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Totally Measured
Subject Total factor productivity
Topic Productivity and Growth
Key Words Productivity, Growth, Labor Productivity, Inflation
News Story

Despite what appears to be a weakening of the economic recovery, labor productivity is still growing, according to a USA Today study. Labor productivity is measured by the U.S. Commerce Department and reported on a quarterly basis. The USA Today study differs from the Commerce Department measure in that it estimates total factor productivity, and it incorporates the effect of investments in technology, plants and better machinery. Furthermore, the total factor productivity measure can be applied at the firm level as well as measuring industry growth. USA Today reported that despite the recession, total factor productivity grew over this past year and can play an important part in fueling the economic recovery.

Productivity is one of the most important indicators of the economy's potential for economic growth. When productivity is increasing rapidly, both corporate profits and workers' wages can increase without causing inflation to accelerate. Federal Reserve Chairman, Alan Greenspan, remarked in his testimony to Congress that U.S. productivity is likely increasing at an annual rate of 7 percent. This is a remarkably high rate considering that productivity growth in the 1970s averaged 2.8 percent and 2.5 percent from 1980 to the early 1990s. U.S. productivity growth is about twice the rate of that in Europe.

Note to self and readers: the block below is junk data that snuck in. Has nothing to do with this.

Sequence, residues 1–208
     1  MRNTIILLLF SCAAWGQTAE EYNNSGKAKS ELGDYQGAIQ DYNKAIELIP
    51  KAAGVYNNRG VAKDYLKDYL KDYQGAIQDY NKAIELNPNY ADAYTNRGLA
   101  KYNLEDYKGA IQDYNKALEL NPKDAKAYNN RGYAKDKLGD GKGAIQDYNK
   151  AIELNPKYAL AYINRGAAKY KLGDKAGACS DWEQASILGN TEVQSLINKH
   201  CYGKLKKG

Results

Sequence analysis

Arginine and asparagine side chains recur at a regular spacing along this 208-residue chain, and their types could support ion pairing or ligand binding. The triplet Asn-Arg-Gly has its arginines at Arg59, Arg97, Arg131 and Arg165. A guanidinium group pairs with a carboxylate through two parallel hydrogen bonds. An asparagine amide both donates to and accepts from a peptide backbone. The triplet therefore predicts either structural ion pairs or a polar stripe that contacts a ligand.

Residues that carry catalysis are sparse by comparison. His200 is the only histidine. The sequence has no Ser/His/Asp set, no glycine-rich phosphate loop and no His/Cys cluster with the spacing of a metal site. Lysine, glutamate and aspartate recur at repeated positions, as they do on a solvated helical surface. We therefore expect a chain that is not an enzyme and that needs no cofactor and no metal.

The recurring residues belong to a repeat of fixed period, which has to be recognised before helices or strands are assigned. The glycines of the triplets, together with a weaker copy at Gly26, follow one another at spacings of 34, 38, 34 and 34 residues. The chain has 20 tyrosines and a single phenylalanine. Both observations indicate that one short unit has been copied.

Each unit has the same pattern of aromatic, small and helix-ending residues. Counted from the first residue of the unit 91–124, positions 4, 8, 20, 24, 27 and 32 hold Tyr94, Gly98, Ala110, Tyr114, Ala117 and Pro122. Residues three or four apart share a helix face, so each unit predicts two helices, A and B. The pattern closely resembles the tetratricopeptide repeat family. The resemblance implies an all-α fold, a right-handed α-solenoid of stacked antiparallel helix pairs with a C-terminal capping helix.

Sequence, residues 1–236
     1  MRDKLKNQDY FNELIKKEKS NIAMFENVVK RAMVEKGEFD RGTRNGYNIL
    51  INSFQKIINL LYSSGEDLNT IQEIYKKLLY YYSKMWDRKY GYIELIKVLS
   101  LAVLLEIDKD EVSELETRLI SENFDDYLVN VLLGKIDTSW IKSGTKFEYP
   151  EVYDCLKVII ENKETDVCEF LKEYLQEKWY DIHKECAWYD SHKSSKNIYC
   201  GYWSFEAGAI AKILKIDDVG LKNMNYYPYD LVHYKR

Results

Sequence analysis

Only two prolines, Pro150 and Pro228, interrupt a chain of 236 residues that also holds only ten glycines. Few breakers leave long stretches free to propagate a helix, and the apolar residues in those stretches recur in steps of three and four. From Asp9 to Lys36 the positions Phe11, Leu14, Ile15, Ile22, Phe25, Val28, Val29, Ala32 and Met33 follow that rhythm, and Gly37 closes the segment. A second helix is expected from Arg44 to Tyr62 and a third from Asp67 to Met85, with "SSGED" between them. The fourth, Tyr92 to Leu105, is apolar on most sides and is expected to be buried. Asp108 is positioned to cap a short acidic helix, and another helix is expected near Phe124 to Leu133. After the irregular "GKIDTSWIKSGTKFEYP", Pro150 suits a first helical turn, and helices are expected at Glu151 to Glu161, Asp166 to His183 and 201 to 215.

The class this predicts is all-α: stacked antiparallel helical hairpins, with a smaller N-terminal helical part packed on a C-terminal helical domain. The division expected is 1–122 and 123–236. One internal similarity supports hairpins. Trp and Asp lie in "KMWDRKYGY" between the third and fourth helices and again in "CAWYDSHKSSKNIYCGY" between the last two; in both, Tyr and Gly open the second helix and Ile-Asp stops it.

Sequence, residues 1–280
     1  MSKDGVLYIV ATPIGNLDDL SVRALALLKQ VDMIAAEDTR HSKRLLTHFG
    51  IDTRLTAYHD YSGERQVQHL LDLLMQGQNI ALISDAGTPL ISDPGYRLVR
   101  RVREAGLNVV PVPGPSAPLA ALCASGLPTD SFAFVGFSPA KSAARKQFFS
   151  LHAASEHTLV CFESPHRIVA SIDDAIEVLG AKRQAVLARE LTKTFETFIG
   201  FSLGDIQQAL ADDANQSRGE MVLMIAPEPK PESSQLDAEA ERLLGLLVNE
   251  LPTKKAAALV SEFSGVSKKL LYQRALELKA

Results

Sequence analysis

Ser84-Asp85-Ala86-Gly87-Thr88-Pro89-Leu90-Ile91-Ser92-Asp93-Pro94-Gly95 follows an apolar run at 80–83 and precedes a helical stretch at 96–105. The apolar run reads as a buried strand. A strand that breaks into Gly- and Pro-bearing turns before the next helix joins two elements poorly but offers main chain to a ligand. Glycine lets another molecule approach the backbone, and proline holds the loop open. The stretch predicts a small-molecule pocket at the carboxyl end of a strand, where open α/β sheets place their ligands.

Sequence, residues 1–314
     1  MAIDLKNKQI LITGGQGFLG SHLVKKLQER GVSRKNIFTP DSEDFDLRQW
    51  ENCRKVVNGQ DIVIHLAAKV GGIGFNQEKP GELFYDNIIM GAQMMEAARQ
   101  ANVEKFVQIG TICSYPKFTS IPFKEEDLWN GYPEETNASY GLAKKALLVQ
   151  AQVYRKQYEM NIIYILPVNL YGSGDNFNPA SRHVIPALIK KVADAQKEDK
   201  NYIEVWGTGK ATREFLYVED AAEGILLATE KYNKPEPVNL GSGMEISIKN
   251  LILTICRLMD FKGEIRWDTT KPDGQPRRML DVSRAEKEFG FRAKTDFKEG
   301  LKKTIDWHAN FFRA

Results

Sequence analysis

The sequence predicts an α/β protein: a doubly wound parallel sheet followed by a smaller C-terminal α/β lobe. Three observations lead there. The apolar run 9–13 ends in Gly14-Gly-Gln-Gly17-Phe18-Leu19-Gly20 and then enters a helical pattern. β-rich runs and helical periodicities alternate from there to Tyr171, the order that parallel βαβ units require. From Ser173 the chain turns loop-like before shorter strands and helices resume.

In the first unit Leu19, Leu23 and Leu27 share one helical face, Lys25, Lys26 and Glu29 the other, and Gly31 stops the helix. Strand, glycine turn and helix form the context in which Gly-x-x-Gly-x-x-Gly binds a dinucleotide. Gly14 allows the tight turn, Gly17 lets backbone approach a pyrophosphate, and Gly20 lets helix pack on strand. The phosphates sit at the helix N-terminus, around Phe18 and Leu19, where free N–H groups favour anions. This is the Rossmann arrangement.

Of the top 100 firms, as ranked by Fortune Magazine, 47 percent saw less of a productivity improvement this year than compared to the previous year, according to USA Today. Last year only 36 percent had lower productivity gains. Of this year's gainers, only 18 had rates above 10 percent, compared with 28 for last year.

Because the total factor productivity measure is influenced by price fluctuations and layoffs, as well as by technological innovation, the list of top productivity firms had some surprises. Oil and energy companies as a group had generally higher productivity growth due to the significant increases in fuel prices. Enron had the highest rate of productivity growth, emphasizing the point that total factor productivity measures must rely on accurate data.

(Updated September 1, 2002)

Questions
1. According to the article, how rapidly did labor productivity grow in the 1970s and 1980s?
2.

Nobel winning economist Robert Solow invented the total factor productivity measure to explain why some countries grow faster than others, over time. What is the difference between productivity as measured by the U.S. Commerce Department and the productivity measure that was used by USA Today?

3.

Explain why increases in productivity tend to dampen inflation.

Source Del Jones and Barbara Harsh, "Productivity grows in spite of recession," USA Today, July 29, 2002.

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